The Dollhouse Murders (35th Anniversary Edition): Wright ...

External links[edit]

Wikimedia Commons has media related to Nutshell Studies of Unexplained Death.
  • Frances Glessner Lee (1878–1962), Biographies, Visible Proofs: Forensic Views of the Body, National Library of Medicine, 16 February 2006, updated 10 July 2006.
  • 'The Mother of CSI' Episode of Travel Channel's Mysteries at the Museum
  • 'The dollhouses of death that changed forensic science' on YouTube, a video about the works by Vox Media
Retrieved from 'https://en.wikipedia.org/w/index.php?title=Nutshell_Studies_of_Unexplained_Death&oldid=1033544597'

The Dollhouse Murders (1983 Edition) Open Library

The Dollhouse Murders is a book written by author Betty Ren Wright.[1] It is a story of teenager, Amy, and her sister, Louann, who had an intellectual disability.



In the attic of her aunt's house, Amy finds a beautiful dollhouse that is an exact replica of the house itself. Playing with the dollhouse causes the dolls to reenact the grisly murder of Amy's great-grandparents, who died in the house thirty years before. Amy, her mentally disabled sister Louann, and Amy's best friend Ellen, convinced that the dollhouse is trying to tell them something, find themselves struggling to solve the murder and lay the spirits of the dollhouse to rest. Amy has a good relationship with her aunt Clare who helps her and encourages her to believe in herself.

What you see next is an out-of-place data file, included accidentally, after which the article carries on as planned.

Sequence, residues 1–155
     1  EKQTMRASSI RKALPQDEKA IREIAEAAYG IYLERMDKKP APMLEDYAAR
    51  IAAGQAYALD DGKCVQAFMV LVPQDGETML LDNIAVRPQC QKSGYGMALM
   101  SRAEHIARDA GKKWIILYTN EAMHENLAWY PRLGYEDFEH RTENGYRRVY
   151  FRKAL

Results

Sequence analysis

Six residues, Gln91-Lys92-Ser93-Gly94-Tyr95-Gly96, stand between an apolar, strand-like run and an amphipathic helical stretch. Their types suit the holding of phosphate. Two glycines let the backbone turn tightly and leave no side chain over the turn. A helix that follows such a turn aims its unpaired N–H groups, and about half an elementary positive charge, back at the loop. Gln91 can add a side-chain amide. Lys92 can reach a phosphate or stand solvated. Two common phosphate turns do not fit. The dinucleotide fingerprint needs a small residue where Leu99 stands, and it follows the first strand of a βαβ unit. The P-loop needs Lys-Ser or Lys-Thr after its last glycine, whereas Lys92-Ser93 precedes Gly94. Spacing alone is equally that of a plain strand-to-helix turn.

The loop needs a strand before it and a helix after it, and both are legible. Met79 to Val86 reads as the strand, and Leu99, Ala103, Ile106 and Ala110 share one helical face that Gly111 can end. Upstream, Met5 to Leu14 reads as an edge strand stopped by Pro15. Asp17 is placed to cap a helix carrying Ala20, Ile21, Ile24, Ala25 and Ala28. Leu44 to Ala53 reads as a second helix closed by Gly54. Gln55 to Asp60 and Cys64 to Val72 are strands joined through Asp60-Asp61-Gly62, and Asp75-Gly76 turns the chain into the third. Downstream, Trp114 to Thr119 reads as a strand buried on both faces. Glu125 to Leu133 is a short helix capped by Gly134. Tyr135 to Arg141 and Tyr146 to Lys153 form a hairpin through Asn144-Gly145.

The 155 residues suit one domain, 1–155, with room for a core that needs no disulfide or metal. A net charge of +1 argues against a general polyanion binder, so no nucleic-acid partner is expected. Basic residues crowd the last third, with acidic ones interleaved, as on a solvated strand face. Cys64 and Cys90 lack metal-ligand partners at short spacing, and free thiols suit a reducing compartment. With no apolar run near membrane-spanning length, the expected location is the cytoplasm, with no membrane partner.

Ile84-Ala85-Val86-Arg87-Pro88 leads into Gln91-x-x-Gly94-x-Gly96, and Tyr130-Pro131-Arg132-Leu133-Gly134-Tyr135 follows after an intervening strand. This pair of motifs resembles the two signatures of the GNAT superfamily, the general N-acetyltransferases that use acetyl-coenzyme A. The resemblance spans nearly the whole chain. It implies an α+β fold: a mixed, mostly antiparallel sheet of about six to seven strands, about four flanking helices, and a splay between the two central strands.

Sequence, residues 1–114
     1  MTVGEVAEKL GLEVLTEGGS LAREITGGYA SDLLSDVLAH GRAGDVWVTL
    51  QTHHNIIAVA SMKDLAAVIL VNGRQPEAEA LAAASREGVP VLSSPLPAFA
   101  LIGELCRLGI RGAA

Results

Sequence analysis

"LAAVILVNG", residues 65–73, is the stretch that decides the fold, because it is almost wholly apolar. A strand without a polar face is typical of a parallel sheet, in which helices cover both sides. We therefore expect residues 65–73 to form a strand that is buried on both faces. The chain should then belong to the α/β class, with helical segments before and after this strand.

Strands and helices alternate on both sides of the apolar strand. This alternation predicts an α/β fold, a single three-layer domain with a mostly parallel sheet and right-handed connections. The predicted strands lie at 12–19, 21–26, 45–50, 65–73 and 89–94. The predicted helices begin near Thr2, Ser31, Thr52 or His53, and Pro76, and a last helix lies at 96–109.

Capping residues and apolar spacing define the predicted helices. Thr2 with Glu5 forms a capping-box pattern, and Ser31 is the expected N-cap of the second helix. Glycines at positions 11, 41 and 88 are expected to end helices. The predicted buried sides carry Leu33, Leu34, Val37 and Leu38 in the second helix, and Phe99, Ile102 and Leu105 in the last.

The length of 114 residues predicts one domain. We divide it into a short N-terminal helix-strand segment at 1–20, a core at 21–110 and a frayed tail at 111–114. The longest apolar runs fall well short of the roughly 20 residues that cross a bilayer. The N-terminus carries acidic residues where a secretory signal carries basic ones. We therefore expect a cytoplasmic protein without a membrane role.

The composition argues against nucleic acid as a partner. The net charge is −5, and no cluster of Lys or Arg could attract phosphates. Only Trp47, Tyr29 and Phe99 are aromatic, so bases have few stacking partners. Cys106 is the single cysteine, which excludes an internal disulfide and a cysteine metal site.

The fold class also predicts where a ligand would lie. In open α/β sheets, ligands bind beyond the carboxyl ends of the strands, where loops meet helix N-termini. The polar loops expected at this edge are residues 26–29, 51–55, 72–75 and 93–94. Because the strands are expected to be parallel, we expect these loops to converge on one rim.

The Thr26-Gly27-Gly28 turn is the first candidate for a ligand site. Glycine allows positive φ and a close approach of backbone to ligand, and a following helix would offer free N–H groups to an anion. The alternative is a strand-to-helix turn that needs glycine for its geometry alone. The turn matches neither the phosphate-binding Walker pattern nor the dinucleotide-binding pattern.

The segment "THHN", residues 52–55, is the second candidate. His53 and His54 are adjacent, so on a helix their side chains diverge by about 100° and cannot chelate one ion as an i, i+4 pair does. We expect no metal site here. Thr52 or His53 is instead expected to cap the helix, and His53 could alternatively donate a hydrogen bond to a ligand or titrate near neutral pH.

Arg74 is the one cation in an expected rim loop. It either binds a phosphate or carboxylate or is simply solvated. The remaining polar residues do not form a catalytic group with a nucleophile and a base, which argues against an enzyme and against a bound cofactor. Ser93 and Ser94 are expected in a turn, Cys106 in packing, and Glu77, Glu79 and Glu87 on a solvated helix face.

The film adaptation[edit]

In 1992, there was a film adaptation made of the famous book, titled 'Secrets in the Attic' that was released on VHS and LaserDisc. Popular on VHS market, the film has long since gone out of print since no DVD release was ever planned. Copies of the VHS/LaserDisc are quite rare and sometimes go for big prices on sites such as Amazon.com and eBay. The film is also on YouTube as VHS rip.


  1. ^Scholastic Publishers http://www.scholastic.com/browse/book.jsp?id=1737

Dollhouse Murders Full Movie

Preceded by
A Bundle of Sticks
Mark Twain Award
Succeeded by
The War with Grandpa

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Retrieved from 'https://en.wikipedia.org/w/index.php?title=The_Dollhouse_Murders&oldid=1017942502'